Shut down the class, for one
Two examples from the past month serve as both a dismal reminder of where we are in higher education and as a harbinger of things to come there. The first: Southern Connecticut State University recently suspended a professor because he sang along to a rap song that included the lyrics “I am a happy nigga.” To be fair, given the current campus climate, it probably wasn’t the wisest thing to do—but it was also self-evidently harmless, the professor himself a plainly good and friendly fellow with no racial animus at all. Indeed, Triffin himself, by his own admission, is the father of a biracial child, which one generally doesn’t expect of actual racists. It was a rap lyric. Big deal.
Big deal indeed; after a student backlash, the school put him on leave and vowed to hold some sort of silly symposium to address the non-controversy. As College Fix editor Dave Huber noted at the time: “Such is the nature of contemporary academia.” But it doesn’t stop there.
At Princeton around the same time, a distinguished professor emeritus, Lawrence Rosen, cancelled a class after referring to the same racial slur—not using it, mind you, but simply referencing it in a purely academic context. In a discussion on “oppressive symbolism,” Rosen asked his class: “What is worse, a white man punching a black man, or a white man calling a black man a nigger?” Merely mentioning the word was too much for some students, some of who, variously, argued with Rosen for the entirety of the class and filed a complaint against him afterward. Rosen, who is surely aware of the hell that a professor can be put through for ticking off campus activists, decided to cancel his class outright. Though one sincerely wishes to see professors stand up to their campus bullies, you can hardly blame Rosen for wanting to dodge the cannon fire and move on with his life.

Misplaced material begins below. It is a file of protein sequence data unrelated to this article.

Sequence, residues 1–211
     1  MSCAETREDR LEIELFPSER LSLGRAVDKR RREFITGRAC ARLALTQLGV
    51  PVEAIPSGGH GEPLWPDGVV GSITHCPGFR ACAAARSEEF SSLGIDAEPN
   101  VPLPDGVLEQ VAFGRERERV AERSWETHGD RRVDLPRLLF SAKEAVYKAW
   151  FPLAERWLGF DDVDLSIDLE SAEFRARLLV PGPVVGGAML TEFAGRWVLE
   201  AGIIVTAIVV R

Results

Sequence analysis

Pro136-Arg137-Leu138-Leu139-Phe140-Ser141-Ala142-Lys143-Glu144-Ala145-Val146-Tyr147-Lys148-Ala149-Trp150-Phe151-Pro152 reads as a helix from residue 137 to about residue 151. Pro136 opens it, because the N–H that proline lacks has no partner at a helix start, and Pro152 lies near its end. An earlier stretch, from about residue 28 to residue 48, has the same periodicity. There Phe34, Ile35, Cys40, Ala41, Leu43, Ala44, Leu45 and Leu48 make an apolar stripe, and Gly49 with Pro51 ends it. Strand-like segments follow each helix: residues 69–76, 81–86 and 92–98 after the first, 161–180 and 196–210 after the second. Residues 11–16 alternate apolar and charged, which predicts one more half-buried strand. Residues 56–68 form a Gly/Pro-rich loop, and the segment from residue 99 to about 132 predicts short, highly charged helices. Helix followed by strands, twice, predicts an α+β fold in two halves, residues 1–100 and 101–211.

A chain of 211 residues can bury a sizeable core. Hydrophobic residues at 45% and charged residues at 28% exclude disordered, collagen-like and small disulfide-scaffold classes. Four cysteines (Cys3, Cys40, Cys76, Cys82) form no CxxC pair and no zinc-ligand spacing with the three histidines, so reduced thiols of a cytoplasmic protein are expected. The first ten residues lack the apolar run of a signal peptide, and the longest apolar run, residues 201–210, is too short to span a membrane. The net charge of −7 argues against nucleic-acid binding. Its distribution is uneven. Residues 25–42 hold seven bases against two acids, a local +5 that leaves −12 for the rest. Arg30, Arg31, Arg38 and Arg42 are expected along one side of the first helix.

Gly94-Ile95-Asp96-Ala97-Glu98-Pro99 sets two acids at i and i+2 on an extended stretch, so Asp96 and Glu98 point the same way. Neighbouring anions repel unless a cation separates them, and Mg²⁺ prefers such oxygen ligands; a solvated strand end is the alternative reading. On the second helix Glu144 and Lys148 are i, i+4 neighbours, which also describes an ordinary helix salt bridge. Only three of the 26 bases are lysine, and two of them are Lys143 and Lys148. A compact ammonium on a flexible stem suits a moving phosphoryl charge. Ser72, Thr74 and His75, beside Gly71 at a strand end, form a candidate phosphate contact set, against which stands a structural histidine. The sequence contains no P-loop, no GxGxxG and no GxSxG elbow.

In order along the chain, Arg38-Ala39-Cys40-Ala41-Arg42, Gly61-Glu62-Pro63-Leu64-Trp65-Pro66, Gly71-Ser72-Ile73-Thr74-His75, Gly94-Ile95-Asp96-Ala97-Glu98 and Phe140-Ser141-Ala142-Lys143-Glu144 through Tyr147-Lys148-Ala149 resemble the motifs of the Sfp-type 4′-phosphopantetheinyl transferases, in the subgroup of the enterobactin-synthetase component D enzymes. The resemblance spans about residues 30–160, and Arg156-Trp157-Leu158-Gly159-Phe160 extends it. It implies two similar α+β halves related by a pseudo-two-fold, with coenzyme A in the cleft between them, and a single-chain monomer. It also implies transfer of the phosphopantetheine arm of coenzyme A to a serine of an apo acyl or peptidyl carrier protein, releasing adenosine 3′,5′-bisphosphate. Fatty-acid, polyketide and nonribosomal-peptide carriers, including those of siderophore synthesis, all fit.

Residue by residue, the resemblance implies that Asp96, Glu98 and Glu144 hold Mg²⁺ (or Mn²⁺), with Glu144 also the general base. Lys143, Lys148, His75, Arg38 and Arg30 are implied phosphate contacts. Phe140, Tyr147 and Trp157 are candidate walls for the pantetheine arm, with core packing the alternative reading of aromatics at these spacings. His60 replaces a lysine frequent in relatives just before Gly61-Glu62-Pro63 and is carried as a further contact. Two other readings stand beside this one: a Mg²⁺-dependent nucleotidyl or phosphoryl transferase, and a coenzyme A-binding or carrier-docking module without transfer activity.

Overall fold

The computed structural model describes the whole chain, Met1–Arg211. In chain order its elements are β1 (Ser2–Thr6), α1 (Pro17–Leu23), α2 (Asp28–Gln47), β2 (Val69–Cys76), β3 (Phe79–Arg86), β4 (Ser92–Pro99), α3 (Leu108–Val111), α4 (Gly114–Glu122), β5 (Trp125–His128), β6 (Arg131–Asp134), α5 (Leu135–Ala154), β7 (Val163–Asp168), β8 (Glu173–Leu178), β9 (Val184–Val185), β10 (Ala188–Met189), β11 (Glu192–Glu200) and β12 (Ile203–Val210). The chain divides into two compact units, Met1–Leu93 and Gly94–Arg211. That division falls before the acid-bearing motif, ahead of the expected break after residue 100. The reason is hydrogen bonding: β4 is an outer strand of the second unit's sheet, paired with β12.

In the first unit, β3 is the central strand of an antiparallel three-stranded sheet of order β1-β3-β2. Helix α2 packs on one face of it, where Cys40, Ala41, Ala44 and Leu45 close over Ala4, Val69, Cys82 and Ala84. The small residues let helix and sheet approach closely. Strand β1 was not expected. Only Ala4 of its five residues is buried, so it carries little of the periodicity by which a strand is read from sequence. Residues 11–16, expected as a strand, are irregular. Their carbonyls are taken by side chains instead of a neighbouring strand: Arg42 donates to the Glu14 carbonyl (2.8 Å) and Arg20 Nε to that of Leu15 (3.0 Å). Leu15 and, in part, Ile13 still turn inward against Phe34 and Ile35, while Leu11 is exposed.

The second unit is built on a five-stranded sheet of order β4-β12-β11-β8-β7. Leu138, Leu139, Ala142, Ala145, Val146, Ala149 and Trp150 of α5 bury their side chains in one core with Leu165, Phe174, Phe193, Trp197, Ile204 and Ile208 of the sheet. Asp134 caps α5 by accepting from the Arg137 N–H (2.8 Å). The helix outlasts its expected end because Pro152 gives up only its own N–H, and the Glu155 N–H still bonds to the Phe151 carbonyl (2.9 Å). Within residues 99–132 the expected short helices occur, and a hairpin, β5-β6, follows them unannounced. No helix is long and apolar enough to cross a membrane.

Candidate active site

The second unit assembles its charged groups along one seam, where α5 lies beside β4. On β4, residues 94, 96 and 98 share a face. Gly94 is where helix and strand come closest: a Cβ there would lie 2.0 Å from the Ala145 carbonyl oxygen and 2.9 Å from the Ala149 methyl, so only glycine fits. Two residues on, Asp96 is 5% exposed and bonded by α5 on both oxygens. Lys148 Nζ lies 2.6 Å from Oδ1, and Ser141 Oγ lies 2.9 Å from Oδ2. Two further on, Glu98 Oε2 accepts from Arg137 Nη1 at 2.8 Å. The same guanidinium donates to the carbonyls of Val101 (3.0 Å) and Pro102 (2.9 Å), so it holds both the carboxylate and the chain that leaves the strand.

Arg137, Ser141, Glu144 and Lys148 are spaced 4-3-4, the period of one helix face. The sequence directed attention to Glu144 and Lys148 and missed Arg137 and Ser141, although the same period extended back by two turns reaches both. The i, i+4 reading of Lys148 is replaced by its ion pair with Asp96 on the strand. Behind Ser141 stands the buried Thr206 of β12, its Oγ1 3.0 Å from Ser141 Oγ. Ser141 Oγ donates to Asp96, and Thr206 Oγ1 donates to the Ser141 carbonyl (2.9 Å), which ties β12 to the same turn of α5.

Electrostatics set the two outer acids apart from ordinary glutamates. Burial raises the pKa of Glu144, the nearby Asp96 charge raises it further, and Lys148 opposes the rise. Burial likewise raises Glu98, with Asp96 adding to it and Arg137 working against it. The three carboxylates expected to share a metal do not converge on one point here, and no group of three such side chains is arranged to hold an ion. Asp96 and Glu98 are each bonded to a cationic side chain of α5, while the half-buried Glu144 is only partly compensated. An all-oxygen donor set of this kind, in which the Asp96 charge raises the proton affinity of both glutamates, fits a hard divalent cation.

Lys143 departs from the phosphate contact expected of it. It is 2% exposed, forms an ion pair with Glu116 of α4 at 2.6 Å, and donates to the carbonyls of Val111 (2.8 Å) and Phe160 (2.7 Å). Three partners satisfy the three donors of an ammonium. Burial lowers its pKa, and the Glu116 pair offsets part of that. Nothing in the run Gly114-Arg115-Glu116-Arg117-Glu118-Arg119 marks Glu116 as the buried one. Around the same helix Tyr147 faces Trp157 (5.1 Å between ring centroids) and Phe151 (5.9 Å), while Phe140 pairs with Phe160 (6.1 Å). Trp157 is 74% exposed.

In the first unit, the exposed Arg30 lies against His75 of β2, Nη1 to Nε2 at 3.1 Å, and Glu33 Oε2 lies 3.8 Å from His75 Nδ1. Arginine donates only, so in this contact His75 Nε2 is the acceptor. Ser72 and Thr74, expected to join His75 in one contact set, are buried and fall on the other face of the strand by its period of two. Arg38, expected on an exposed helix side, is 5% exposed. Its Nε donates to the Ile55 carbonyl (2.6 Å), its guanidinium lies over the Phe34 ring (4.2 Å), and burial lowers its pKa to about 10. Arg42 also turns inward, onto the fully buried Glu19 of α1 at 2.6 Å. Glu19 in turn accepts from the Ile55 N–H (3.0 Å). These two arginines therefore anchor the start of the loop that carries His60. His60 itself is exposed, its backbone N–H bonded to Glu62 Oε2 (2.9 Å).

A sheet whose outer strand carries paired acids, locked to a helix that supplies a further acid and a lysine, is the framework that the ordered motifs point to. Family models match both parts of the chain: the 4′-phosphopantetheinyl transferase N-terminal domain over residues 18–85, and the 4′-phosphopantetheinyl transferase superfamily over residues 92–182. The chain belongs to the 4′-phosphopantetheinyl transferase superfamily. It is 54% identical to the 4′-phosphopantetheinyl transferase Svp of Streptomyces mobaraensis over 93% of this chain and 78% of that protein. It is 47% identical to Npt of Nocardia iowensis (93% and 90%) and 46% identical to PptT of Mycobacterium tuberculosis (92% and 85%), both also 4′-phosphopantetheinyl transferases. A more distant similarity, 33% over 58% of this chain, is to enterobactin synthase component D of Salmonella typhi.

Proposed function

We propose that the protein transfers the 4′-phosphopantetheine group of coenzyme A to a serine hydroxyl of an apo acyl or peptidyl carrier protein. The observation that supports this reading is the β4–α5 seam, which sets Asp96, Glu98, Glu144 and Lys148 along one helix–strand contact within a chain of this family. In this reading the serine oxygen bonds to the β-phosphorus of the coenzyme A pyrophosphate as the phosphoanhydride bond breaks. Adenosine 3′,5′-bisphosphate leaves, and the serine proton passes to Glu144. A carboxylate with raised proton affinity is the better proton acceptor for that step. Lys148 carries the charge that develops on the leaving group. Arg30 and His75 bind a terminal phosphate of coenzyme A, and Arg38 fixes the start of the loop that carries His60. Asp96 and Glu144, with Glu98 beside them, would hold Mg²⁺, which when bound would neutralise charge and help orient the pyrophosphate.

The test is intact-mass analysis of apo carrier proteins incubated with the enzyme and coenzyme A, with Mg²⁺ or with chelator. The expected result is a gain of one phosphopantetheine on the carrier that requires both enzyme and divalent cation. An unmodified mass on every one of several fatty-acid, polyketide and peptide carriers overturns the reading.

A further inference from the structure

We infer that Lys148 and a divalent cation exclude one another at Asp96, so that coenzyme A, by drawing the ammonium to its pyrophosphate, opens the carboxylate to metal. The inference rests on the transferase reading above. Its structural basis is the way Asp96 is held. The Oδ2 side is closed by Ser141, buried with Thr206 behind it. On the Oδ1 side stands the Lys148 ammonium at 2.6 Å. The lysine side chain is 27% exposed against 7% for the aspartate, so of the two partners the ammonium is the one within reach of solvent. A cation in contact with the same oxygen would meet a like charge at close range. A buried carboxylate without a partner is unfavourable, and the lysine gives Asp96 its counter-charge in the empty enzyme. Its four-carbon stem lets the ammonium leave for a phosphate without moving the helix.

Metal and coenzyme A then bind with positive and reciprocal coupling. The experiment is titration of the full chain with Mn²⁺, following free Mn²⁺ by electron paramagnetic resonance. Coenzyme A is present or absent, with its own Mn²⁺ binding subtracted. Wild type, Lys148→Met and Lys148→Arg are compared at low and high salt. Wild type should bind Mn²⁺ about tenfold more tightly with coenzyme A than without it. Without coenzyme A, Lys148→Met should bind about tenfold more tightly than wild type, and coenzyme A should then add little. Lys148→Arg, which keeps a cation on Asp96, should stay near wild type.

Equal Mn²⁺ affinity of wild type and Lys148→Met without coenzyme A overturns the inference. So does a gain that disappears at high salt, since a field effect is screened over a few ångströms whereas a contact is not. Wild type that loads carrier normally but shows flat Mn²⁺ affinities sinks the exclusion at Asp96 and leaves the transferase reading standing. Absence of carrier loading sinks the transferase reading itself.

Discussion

These two incidents reveal, if any more proof were needed, the shockingly anti-intellectual climate on so many campuses today. For all appearances, the students who were outraged by these two professors’ utterly benign behavior are not simply oversensitive or overpoliticized; they are opposed to basic rational thought. It is plain to anyone who thinks about it for a few moments that these instructors did not deserve to be targeted in any way at all. Never the matter: They had done something to offend the exceedingly delicate sensibilities of the campus vanguard, so they had to go.
One is obliged to point out that, comparatively speaking, the number of students who made a stink in these cases was actually fairly small. But that is the most troubling thing of all. A tiny percentage of students can, if they shriek and bawl loudly enough, have an outsize and oppressive influence on campus over the most meaningless of affairs: One professor suspended, another cancelling his class altogether, all for behavior that barely warranted a raised eyebrow. If you are not yet deeply alarmed by this—you should be.